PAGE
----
I am often asked by many of my charter clients and friends, “What is the biggest fish you have ever caught?” My answer is always the same: The biggest ones got away!
Capt. Bart Miller caught a 1,656-pound blue marlin in Hawaii, and wrote a great story about an even bigger one that escaped capture. I am sure many of the Australian captains that have caught black marlin of more than 1,000 pounds have a story about “Old Julie” that they saw or lost that was bigger than the ones they have weighed. Then there are fish like in Hemingway’s Old Man and the Sea, where the sharks win instead of the angler.
Nowadays, it is great to hear of so many people releasing their big fish. And at the same time, I hear quite a few old-time captains saying that many of these young guns have never killed a huge marlin, so how would they know what one would look like? Photos rarely show how big they are (or aren’t).
How do we judge any fish’s weight? We weigh a few big fun fish—mahi, tuna, wahoo—and once in a while we see a big marlin or tuna being weighed in a tournament. We also can take measurements and run a mathematical formula after the release to get a fairly close guess of the weight, but it’s just that: a guess.
The really good news is that because everyone has cameras in their phones, we can get some great memories and have everyone else see that big fish you just released. Also, with the GoPro cameras mounted all over the boats these days, you can get a better idea of how big the fish is (or isn’t). Is it the wide-angle lens that makes these marlin look smaller than we think they are?
I am fortunate to have harvested quite a few fish for world records, including black and blue marlin, swordfish and other billfish. Along the way, I got to be pretty good at guessing the weights of these species. The one thing I always did was to guess under what I thought the marlin really weighed. That way, everyone was happy about the catch. If we guess over the actual weight, people tend to be disappointed with what is still a great accomplishment.
We caught a nice marlin in transit from The Madam on the way to Africa in 1988, but had no choice but to let it go. And I already mentioned in a prior column about the really big blue marlin that I was the angler on, fishing out of Tropic Star Lodge in Panama a few years ago.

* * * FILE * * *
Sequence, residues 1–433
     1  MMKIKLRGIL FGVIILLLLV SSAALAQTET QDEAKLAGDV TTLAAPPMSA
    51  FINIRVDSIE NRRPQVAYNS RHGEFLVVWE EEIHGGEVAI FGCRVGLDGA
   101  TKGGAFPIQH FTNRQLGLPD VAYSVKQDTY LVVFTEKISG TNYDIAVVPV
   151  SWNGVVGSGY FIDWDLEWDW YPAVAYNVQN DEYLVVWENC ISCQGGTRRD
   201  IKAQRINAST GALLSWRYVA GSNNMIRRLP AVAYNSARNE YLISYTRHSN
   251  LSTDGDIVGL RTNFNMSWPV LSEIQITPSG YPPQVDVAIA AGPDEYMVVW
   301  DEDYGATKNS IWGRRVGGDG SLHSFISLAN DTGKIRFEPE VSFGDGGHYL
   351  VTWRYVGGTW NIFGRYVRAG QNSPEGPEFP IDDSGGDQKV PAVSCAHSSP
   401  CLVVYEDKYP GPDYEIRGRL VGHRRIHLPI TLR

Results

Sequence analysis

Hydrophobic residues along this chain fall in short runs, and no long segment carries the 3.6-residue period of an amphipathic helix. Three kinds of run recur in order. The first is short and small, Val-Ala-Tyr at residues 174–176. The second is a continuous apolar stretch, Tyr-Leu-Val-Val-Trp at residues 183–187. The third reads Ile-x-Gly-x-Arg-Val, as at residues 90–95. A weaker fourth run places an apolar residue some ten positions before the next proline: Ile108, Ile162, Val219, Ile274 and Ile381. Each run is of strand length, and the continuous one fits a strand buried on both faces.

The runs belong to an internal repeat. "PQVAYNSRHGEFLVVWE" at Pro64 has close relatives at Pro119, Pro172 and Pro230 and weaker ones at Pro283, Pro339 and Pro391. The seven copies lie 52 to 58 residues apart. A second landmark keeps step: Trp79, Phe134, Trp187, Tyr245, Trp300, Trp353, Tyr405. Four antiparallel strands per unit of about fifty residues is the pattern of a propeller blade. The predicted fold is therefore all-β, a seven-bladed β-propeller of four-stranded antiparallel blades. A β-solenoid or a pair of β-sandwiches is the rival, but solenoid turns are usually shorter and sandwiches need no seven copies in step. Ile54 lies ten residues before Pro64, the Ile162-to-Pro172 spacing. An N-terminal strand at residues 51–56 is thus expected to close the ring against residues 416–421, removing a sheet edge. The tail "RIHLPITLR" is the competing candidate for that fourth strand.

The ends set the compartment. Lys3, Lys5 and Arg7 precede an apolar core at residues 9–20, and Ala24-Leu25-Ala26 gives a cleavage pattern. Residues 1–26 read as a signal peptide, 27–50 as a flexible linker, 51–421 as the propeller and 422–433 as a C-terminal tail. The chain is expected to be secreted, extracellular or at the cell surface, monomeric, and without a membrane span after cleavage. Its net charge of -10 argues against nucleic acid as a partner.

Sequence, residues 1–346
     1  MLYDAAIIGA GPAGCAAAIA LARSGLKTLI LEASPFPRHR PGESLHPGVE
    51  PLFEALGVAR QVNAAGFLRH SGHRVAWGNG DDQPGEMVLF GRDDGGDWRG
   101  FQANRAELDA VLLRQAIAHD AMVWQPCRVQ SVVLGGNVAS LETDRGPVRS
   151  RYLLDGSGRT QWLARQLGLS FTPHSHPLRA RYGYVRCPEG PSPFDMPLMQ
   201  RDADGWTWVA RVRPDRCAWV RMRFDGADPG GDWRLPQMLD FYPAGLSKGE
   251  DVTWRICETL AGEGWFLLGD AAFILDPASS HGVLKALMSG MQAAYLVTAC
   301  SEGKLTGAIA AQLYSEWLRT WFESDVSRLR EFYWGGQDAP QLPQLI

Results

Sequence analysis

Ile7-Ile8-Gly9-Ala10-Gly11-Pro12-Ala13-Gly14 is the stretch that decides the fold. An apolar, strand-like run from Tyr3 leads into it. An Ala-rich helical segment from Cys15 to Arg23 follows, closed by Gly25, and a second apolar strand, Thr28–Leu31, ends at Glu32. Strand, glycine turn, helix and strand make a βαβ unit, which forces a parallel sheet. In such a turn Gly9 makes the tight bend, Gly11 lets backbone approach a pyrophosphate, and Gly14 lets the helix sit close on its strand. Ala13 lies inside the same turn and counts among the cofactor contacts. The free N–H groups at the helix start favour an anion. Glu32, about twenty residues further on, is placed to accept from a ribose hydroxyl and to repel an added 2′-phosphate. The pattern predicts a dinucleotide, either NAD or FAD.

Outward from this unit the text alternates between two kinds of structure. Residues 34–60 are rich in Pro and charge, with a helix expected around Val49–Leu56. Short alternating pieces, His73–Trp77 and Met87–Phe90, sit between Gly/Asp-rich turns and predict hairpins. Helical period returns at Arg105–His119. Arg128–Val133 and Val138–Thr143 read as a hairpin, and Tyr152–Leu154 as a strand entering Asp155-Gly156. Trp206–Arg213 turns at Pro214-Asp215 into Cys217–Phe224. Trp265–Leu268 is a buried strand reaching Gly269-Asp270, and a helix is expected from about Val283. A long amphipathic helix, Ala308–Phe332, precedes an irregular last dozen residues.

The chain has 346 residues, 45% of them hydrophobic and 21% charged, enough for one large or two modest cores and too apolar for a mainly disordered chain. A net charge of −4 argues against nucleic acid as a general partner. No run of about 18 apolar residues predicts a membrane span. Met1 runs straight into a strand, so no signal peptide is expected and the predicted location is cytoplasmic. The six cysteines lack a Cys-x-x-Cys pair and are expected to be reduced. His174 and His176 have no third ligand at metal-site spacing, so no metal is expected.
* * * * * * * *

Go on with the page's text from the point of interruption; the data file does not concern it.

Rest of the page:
When we got the leader for the third time, my wife Debra Todd jumped in with her underwater camera to try to get a few pictures. The marlin was behaving nicely until we tried to head back to where Debra was. Halfway back, the marlin decided enough was enough, shook her head and the hook pulled out. No photos—except for the one that Debra took when the marlin was jumping behind the boat. I do know that if that particular marlin was really tired, I would have considered putting her on the scales.
I was glad she swam off healthy, but still. When I show the photos to a few friends that have caught thousand-pound marlin, they all say she was a really nice one and I should have weighed her. But to me, a marlin that frisky and not in a tournament or in contention for a world record deserved to live.
Capt. Skip Smith chimes in on tournament fishing.
When someone decides they want to harvest large marlin, whether in a tournament or just hunting a really big one, it excites the crew; most all of the crews I know love the opportunity. Personally, I do not understand the response from the gallery. These same people will kill the largest of every other species without hesitation, as they post photos of big dead swordfish, groupers, mahi, tuna and even snapper. No matter what species you are after, killing the largest is still the same as someone who harvests a large marlin.
Then there are the stories of the big ones we release during the day. Back at the bar later that night after a few cocktails, they somehow gain another 500 pounds. Now that’s a good fish story!